For more energy-saving tips, check out EEI’s booklet, More Than 100 Ways to Improve Your Electric Bill, updated in February 2020. Located at https://www.eei.org/about/affiliates/nationalkeyaccounts/Documents/100Ways.pdf

Source: Edison Electric Institute

Reginald Miller becomes the new chief diversity officer at McDonald’s

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Popular fast-food chain McDonald’s has recently hired a new chief diversity officer, Reginald Miller. He will be replacing Wendy Lewis, who retired two months ago and is believed to be an integral part of combating racial bias allegations that were made earlier in the year.

“I’m proud to be joining McDonald’s at a time where diverse voices and perspectives are not just being celebrated,” Miller stated, “but engaged in accelerating meaningful change. I’m looking forward to getting to know the McDonald’s business through the lens of the people who impact it every day in countries and cultures around the world.”

Miller previously worked as the chief diversity officer for VF Corporation, the producer of brands such as Vans, Jansport, and the North Face. He officially began his new position with McDonald’s on November 9.

The chief of human resources at McDonald’s, Wendy Lewis, said of Miller, “Reggie and I share the same goal: that in order to move forward, we must move away from the notion that the responsibility of diversity lies with one person, one department or one group.”

Source: McDonald’s

Minority-Owned Firm Partners with Microsoft to Launch $250 Million Fund for Business Owners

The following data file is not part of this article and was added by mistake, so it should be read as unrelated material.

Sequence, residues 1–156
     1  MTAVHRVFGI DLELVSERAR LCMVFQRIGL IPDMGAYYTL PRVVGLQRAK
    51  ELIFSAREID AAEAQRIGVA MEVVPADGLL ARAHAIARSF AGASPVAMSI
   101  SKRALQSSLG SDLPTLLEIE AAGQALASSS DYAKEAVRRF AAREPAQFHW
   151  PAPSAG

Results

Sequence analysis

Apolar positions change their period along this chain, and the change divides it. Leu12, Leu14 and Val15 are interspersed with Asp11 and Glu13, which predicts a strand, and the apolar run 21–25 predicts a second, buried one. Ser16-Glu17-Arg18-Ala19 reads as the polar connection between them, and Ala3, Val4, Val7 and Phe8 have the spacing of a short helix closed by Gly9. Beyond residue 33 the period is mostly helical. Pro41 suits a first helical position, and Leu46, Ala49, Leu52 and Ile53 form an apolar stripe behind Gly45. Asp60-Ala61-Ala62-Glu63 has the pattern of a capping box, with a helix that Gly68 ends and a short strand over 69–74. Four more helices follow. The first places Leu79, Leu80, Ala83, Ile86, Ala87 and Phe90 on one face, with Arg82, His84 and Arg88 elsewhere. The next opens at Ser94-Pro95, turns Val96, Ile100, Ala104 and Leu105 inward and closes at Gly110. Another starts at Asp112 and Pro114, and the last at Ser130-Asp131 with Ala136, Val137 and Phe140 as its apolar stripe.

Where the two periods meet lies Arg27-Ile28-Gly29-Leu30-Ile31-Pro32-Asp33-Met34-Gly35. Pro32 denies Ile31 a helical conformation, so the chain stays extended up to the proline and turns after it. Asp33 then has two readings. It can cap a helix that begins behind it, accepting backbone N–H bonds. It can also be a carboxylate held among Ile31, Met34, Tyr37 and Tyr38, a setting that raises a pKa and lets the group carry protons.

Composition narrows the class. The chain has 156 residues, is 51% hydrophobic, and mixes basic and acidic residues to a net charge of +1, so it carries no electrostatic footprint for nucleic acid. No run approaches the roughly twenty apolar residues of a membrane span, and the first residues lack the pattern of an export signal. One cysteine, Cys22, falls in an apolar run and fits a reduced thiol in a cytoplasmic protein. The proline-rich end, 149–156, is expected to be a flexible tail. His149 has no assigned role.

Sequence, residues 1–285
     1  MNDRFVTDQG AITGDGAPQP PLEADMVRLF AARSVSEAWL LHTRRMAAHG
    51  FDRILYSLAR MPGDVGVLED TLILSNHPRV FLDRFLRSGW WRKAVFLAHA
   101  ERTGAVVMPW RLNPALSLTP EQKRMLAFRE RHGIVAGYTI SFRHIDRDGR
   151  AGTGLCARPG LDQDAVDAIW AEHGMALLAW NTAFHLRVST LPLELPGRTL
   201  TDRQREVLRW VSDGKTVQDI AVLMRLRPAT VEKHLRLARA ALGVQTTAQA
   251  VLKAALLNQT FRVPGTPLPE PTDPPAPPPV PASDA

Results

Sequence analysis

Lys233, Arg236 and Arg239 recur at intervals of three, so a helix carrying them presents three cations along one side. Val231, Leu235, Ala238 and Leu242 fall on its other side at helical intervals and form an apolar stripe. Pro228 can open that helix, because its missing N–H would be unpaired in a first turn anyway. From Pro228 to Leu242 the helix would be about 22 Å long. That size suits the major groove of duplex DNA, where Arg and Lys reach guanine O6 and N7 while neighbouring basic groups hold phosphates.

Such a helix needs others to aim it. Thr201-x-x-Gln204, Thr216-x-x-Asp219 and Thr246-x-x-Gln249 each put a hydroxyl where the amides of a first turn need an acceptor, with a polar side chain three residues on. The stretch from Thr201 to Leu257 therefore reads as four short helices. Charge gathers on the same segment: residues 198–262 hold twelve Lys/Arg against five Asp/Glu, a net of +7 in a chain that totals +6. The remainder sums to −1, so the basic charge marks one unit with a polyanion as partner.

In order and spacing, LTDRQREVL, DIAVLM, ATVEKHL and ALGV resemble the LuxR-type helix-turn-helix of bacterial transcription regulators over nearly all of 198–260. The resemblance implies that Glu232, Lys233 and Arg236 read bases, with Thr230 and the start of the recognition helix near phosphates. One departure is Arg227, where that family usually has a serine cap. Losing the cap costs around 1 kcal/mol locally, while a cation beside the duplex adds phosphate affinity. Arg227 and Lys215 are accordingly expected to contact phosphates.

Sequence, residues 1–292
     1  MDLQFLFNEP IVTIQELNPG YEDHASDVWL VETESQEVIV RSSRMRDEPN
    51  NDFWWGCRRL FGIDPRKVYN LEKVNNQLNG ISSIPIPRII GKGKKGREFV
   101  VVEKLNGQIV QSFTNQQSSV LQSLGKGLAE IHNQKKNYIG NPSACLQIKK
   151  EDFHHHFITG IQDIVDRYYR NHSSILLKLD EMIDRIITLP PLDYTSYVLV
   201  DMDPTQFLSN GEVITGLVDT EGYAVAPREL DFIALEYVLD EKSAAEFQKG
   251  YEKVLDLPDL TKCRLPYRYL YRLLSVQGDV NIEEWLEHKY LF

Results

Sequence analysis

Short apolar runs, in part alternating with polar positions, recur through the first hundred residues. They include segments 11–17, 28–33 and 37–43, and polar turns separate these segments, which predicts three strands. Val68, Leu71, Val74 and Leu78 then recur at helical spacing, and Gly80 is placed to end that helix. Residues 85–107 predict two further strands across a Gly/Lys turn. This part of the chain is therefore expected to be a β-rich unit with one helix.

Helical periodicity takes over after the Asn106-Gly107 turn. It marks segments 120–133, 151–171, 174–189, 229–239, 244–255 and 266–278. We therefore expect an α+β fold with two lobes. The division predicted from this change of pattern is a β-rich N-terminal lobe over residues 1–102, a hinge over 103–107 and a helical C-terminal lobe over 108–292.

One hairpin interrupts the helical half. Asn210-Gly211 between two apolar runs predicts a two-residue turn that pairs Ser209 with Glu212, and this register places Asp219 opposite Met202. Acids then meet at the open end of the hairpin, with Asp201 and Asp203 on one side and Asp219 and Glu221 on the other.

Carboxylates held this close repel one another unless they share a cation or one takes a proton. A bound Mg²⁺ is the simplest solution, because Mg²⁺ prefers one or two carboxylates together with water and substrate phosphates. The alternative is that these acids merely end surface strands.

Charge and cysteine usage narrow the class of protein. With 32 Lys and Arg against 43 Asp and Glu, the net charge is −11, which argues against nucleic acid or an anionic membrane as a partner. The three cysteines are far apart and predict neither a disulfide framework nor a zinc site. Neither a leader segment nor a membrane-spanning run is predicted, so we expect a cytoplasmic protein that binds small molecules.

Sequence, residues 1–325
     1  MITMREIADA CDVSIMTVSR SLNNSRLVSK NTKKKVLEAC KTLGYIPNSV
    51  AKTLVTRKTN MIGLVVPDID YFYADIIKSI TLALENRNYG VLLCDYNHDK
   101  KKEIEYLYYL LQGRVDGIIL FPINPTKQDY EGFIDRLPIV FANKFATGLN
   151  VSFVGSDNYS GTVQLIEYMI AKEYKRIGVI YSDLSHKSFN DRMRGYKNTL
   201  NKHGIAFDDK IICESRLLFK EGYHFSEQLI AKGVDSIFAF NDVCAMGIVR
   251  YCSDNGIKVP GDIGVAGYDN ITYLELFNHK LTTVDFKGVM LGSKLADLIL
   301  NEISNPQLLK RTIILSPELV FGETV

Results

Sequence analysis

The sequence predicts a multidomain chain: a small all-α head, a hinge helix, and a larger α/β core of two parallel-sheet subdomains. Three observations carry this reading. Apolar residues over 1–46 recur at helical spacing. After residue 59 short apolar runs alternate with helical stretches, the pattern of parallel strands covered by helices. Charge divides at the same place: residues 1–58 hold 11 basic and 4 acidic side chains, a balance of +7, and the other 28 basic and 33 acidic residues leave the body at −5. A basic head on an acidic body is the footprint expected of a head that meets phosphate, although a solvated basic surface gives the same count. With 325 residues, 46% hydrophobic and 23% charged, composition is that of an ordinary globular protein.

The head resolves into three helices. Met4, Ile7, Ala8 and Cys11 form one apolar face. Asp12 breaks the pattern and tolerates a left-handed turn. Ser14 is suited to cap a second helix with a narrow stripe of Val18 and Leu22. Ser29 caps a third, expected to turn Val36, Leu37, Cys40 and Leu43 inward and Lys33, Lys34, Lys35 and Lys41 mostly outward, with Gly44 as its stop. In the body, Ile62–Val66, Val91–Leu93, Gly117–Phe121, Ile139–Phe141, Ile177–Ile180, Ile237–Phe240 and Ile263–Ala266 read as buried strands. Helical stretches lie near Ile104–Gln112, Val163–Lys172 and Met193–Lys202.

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Siebert Williams Shank Co. L.L.C. (SWS) is partnering with Microsoft Corp. to launch the Clear Vision Impact Fund L.L.C., with an initial $25 million seed investment from the software giant.

The nation’s largest minority-and-women-owned financial firm, SWS reports that the investment fund will have a target size of $250 million. It will invest growth and operating capital in small-and medium-sized businesses, with an emphasis on minority-owned businesses, to maximize social impact.

SWS reports the “fund” is the first of its kind created for minority-owned firms, including black businesses. It expects to focus on small and medium-sized businesses, with an emphasis on those that are minority- and women-owned, that, in general, have enterprise values of less than $100 million. SWS added the investments look to target companies demonstrating an operating track record, with sustainable business models, companies that operate in or serve underserved markets, and companies
fostering inclusive growth initiatives.